I have better tools now than Marcus Welby had, and the technical standard of care has made huge leaps since my residency days. But something has gone missing. The idealism and passion of physicians has become worn and frayed as a result of the paradigm shift toward the manufacturing view of healthcare. Healthcare is now becoming impersonal. It is organized, delivered and measured like industrial output in automobile plants. It is mass produced and valued by its consistency and conformity, even though no two patients are exactly alike.

Most of our patients still come to us looking for personalized care, but they feel the pinch of our newly imposed agendas in their fifteen minutes with us. We are more and more put in the role of public health officials, collecting data for Government and insurance companies and promoting their population-based agendas.

But when we really engage with our patients we can see the power of the traditional doctor-patient relationship that many others in healthcare have tried to negate.

The passion and commitment of doctors have been de-valued as we are instead building entire systems to do what Marcus Welby and his nurse did, day in and day out, when they practiced their professions and held themselves to their standards and ideals.

But no “system” can replace human effort and commitment. Doctors, nurses and everybody else in healthcare need to be at the center, side by side and face to face with their patients and the “system” needs to capture, rekindle and support their passion, not suppress and replace it.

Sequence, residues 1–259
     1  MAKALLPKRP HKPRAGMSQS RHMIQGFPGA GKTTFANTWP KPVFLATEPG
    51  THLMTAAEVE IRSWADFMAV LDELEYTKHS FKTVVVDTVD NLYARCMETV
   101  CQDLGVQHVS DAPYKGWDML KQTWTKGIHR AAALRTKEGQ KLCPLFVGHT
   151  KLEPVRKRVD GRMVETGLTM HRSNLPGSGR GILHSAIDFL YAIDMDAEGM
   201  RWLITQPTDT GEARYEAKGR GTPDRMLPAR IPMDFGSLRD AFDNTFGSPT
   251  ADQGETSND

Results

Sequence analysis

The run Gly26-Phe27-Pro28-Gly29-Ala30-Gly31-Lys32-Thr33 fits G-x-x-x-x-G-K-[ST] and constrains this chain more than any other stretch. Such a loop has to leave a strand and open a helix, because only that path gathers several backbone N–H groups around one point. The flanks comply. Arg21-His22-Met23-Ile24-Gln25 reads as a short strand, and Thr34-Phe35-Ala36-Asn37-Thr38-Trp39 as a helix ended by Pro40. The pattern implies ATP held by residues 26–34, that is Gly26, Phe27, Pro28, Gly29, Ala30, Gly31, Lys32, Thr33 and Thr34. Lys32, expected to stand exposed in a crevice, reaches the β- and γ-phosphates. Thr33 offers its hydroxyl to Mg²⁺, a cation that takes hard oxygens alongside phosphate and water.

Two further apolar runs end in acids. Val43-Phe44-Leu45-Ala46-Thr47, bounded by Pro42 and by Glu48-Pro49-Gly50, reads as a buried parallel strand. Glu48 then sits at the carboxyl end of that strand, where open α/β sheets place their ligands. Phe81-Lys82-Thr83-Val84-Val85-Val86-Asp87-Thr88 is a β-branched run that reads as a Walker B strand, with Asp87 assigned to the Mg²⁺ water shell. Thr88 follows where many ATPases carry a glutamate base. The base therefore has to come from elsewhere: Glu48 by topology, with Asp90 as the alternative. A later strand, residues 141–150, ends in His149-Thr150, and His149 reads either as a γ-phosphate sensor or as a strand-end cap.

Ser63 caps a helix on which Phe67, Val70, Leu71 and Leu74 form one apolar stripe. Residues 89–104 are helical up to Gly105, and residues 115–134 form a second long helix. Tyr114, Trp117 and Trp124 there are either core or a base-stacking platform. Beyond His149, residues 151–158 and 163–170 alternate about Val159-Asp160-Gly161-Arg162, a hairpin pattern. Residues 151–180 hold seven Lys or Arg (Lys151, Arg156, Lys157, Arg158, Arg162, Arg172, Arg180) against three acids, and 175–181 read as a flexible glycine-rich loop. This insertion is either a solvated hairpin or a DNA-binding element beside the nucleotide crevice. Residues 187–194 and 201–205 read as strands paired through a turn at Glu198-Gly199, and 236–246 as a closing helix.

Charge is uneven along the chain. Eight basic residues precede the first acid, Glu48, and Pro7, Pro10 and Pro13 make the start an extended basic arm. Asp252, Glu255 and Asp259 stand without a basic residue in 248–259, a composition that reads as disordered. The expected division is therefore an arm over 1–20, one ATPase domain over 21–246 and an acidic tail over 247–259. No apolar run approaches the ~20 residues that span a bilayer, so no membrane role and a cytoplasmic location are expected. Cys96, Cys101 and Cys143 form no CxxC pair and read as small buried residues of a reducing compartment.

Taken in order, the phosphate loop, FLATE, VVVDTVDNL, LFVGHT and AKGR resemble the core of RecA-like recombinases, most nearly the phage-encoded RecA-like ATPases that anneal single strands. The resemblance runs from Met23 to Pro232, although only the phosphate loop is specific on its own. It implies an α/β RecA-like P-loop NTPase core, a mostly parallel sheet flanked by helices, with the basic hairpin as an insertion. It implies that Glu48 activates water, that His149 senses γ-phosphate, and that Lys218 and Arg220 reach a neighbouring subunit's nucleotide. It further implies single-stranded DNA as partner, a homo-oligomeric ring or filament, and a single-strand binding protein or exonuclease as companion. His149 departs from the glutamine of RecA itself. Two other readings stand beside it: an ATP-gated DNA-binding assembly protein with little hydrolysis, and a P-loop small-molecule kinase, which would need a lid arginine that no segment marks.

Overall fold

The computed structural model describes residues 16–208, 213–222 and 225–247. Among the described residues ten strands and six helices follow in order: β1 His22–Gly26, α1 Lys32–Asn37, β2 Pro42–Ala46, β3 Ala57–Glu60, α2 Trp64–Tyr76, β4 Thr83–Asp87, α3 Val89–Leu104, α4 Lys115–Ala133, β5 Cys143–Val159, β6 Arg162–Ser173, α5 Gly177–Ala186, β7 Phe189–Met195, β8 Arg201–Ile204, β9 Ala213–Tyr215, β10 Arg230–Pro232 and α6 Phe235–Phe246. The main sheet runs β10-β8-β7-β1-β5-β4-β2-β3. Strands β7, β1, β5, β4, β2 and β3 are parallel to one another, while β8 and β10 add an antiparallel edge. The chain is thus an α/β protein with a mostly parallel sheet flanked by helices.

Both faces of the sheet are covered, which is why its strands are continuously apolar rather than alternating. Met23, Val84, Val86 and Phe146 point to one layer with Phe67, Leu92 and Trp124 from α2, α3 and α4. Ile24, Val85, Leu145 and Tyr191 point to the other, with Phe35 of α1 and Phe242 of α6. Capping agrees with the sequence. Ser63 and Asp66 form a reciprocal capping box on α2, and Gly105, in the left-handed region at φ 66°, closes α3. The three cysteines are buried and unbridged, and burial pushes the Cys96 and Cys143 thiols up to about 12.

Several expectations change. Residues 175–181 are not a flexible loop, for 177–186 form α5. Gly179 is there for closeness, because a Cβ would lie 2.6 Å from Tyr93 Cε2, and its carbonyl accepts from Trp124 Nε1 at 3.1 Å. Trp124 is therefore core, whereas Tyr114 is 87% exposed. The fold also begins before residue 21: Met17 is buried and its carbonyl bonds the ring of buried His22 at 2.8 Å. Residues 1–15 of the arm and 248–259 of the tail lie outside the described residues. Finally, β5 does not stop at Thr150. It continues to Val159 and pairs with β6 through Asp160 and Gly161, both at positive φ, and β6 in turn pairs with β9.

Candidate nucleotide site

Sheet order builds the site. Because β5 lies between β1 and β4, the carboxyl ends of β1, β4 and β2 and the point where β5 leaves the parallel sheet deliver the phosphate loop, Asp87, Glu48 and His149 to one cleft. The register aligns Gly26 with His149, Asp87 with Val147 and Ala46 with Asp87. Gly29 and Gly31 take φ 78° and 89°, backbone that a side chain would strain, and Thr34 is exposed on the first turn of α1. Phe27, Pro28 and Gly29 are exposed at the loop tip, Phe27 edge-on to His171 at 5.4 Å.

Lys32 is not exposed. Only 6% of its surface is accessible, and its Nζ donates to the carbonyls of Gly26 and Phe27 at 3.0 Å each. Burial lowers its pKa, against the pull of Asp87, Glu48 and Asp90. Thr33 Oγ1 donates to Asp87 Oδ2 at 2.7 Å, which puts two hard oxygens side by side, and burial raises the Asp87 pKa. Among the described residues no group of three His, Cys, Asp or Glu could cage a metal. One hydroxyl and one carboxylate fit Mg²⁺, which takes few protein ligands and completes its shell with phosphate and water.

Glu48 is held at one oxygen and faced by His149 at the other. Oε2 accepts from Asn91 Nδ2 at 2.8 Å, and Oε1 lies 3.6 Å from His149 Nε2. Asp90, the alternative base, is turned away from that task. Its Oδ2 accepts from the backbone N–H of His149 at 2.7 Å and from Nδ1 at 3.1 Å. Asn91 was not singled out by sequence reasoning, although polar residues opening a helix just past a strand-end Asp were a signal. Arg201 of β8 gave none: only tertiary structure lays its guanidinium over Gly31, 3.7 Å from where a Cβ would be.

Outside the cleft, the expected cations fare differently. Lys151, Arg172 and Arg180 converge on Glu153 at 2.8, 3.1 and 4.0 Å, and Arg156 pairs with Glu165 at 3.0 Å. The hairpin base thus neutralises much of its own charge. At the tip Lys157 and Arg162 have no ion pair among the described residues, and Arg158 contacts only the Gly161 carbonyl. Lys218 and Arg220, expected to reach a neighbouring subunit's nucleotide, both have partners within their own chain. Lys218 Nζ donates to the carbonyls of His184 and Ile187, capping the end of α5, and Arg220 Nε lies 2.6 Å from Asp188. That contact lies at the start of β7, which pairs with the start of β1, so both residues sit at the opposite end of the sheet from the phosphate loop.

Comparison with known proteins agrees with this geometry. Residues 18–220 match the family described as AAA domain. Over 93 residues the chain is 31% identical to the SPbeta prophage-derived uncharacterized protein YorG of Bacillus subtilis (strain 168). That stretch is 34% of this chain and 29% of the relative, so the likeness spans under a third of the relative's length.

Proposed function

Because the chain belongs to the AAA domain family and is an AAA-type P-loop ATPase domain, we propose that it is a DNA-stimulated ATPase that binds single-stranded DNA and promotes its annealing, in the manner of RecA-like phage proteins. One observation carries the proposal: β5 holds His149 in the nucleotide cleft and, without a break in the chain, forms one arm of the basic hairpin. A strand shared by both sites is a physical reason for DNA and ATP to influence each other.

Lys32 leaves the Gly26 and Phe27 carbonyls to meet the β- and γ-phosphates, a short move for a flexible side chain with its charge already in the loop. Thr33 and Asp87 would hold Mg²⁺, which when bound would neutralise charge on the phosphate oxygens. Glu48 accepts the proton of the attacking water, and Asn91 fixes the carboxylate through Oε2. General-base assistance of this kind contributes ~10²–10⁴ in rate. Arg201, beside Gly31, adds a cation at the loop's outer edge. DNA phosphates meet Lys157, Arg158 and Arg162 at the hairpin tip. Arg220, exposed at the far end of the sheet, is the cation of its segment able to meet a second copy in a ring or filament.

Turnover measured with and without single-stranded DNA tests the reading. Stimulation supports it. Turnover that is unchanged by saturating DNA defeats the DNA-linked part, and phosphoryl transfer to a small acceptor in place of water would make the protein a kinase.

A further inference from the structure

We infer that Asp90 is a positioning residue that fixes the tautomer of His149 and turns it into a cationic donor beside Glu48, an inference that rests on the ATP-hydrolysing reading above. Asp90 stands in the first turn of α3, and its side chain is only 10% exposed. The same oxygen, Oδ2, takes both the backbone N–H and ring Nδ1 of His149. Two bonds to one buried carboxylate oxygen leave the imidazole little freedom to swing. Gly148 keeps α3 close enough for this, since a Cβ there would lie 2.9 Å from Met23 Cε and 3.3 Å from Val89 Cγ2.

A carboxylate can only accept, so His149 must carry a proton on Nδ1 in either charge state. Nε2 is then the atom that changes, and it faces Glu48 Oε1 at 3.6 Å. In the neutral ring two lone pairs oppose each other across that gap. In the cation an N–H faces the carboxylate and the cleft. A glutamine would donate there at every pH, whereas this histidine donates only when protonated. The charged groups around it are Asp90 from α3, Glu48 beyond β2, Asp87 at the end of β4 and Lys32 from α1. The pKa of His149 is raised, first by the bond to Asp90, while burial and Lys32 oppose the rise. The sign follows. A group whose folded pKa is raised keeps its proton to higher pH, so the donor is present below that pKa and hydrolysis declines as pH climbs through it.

Family physicians were trained to be capable in areas where our ability to keep up is now challenged, just like the General Practitioners’ sixty years ago. Fewer and fewer primary care doctors now set fractures, deliver babies or perform even minor surgeries and procedures.

Increasingly, we are instead taking on the role that the journal Canadian Family Physician calls “broker of choices”. With the Internet and all the media exposure about medical issues, we are no longer patients’ primary source of medical information, but we are the ones that are best suited to help them sort out information and compare alternatives.

This actually builds on our specialty’s founding principles. We are still the glue that holds the parts together, even when other specialties are involved. We provide the first contact, the continuity, the personal focus and the family view of the patient and their support system; it requires our solid competency in general scientific medicine; and it is comprehensive in the ancient meaning of the word as it derives from comprehendere – ‘to grasp mentally’; we help our patients with the big picture while we attend to their everyday medical needs.


Osler said “Listen to your patient, he is telling you the diagnosis”. Duvefelt says “Listen to your patient, he is telling you what kind of doctor he needs you to be”.

BOOKS BY HANS DUVEFELT, MD